Search Results: 1 - 10 of 100 matches for " "
All listed articles are free for downloading (OA Articles)
Page 1 /100
Display every page Item
Human dignity, bioethics, and human rights  [cached]
Audrey Chapman
Amsterdam Law Forum , 2011,
Abstract: Commitment to human dignity is a widely shared value. Human dignity also serves as the grounding for human rights. In recent years, protection of human dignity has also emerged as a central criterion for the evaluation of controversial technologies, like cloning and embryonic stem cells. This article addresses the question as to whether human dignity is or could be a useful concept for bioethics and human rights. It begins with a discussion of the under-conceptualisation of human dignity. The next two sections identify the diversity in conceptual approaches to human dignity in bioethics and human rights. The following section considers some of the problems with using human dignity as an evaluative standard. The article then proposes initial developmental steps to enable the concept to be applied in a more precise and meaningful way, based on Martha Nussbauma€ s capabilities approach.
Human Dignity – Constitutional Principle of Fundamental Human Rights  [cached]
Lucian Pop
Sfera Politicii , 2011,
Abstract: As a constitutional principle of the human rights, the human dignity is a supreme value, a norm and a right, thus that the reconfiguration of protection standards of fundamental human rights is made by cohesion of the legal, social and moral dimensions of human dignity. With this article, the author argues that legal meaning, social meaning and moral meaning of human dignity, are centerpiece of protection of freedom under law.
Human dignity according to international instruments on human rights  [cached]
José Pablo Alzina de Aguilar
Revista Electrónica de Estudios Internacionales , 2011,
Abstract: According to international instruments on human rights, the dignity of the human person is the foundation of human rights, and both human dignity and human rights are inherent to the human being, universal and inviolable. This understanding of human dignity is not a fruitless truism, but the solid foundation on which to build a world community under the rule of the new ius gentium: the International Law for Humankind. Moreover, it is the clue to answer many questions raised by the new world of globalization and of the exponential growth of international rules.Consequently, there is a need to a common doctrine on a notion of human dignity which will allow the implementation and adjudication of the aforementioned instruments, at the service of the human person and in conformity with the juridical conscience which they reflect. Philosophy of Law concepts which can be traced back to Aristotle provide that notion. According to these concepts, the demanding nature of “human dignity” sustains the notion of “legal personhood”, and both notions pertain to the realm of Law and Right, not of Morale and Values. Thus, human dignity and human rights are and must be, respectively, a basic principle and a necessary part of any Law system, including international law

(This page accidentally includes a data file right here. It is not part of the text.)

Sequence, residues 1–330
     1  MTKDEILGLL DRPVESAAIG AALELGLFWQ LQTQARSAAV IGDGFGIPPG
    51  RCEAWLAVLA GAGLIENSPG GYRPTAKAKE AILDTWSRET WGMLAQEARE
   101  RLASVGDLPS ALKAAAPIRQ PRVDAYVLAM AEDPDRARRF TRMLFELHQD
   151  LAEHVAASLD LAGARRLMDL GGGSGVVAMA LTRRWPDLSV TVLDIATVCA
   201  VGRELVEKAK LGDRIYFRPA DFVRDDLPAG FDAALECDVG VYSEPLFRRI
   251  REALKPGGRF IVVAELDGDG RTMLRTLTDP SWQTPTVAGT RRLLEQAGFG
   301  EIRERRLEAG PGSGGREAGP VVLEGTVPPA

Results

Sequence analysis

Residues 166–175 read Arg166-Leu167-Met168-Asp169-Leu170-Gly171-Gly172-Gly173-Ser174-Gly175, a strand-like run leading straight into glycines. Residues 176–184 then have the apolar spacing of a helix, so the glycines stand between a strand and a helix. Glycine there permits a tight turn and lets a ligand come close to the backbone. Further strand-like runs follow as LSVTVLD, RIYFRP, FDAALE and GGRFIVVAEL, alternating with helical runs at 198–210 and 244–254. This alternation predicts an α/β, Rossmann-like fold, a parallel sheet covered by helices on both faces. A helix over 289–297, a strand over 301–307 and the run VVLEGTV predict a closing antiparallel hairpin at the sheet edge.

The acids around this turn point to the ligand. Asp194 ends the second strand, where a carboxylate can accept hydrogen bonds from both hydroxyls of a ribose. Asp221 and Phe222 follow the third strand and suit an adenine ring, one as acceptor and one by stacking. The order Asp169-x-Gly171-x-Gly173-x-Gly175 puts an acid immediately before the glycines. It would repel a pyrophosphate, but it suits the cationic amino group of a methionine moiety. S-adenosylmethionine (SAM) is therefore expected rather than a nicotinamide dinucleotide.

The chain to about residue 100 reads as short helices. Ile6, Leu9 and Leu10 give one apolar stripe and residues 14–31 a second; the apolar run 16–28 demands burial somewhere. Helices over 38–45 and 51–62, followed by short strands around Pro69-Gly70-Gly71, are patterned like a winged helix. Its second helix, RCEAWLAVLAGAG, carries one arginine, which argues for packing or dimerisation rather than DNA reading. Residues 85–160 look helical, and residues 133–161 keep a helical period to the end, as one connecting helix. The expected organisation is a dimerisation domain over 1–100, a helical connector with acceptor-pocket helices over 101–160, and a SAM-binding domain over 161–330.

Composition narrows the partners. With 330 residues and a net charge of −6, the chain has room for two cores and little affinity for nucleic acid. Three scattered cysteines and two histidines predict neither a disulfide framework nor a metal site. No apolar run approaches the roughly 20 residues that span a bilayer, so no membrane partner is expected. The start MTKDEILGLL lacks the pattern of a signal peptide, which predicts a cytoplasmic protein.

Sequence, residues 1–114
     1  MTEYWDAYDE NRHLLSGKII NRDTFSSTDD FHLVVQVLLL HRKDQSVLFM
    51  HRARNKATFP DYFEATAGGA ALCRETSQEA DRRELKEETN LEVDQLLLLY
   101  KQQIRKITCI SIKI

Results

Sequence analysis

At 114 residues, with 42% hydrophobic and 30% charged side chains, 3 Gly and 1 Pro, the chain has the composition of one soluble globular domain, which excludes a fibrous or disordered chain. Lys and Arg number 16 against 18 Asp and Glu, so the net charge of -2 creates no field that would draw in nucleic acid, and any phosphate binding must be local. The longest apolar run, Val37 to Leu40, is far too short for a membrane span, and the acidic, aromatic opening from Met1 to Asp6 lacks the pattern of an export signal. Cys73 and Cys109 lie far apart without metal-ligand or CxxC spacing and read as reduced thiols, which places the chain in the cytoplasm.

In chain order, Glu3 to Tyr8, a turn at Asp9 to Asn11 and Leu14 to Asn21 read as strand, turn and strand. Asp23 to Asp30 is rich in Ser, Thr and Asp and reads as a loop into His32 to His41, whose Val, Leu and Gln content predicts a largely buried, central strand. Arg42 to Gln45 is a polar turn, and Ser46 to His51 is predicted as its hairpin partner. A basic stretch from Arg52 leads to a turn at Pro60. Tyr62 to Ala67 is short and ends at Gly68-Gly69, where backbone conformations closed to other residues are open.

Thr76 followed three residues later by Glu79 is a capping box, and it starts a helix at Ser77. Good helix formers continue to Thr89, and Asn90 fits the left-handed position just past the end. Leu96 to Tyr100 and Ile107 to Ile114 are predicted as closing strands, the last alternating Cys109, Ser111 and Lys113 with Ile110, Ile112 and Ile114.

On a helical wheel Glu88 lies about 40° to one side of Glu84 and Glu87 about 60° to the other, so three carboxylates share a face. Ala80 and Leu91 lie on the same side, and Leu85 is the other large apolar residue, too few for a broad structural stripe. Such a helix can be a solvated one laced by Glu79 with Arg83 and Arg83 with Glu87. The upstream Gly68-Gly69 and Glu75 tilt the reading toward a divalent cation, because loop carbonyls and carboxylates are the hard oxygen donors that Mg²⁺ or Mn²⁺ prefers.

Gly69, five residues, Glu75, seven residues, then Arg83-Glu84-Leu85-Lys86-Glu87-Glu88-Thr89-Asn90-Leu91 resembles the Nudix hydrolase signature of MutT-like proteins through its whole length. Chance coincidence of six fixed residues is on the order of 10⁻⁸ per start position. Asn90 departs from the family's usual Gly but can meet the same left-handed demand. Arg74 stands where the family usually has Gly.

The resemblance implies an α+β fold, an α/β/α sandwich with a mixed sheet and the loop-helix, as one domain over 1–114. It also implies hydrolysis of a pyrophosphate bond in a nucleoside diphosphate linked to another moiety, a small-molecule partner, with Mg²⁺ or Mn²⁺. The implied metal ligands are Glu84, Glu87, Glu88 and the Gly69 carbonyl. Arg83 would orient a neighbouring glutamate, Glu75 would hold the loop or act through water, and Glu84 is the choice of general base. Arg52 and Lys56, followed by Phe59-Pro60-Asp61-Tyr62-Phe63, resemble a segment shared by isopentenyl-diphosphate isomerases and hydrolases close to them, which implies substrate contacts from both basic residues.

Communication of Human Dignity - An approach on human rights  [PDF]
Nelu, Burcea
Scientia Moralitas International Journal , 2016, DOI: -
Abstract: In this article, I intend to study the subject of human dignity which could be seen trough the human rights point of view. When we look at the map of the world we could see that the topic of human dignity and religious freedom is really a current issue which must be on the agenda of the most powerful nations. There have been a lot of questions that we need to ask before we will take a deeply view at this matter. The questions which I am going to ask here is trying to put this topic in the context of contemporary as a remarkable requirement for the whole world. Could it be a real relationship between human dignity and religious freedom in the matter of meaning and practice? Which is currently the truth regarding the presence of human dignity in the world? How could human dignity be more real in the countries where there is no religious freedom for all citizens? Could one country be considered as a civilized one without a deep understanding and real implementation of religious liberty principles for all people? How the discrimination on a different group of people could affect all the nation and then all the world? Could human dignity become a concept made possible in the world trough the education of people? How could the economics contribute to a country in the process of establishing human dignity? Could this kind of education be managed by a government or by some administrative regions or by United Nations?
The Method For Human Rights and Democracy Education
Rü?tü YE??L
Journal of Kirsehir Education Faculty , 2004,
Abstract: Like in all other fields of education, it is also essential problem to select an appropriate method for human rights and democracy education. One of the most important factors influencing the method selection is the attribute of content. In this study, the methods which will be followed in human rights and the democracy education have been taken into consideration. Human rights and democracy are, first of all, two important concepts which address to the personality, culture and the mentality. Personality, culture and mentality, on the other hand, are shaped mostly by the environment and method that influence it. In order to train individuals who are respectful to the human rights and democratic members, it is necessary to create a democratic environment. Because individuals can acquire democratic value mostly through living and seeing.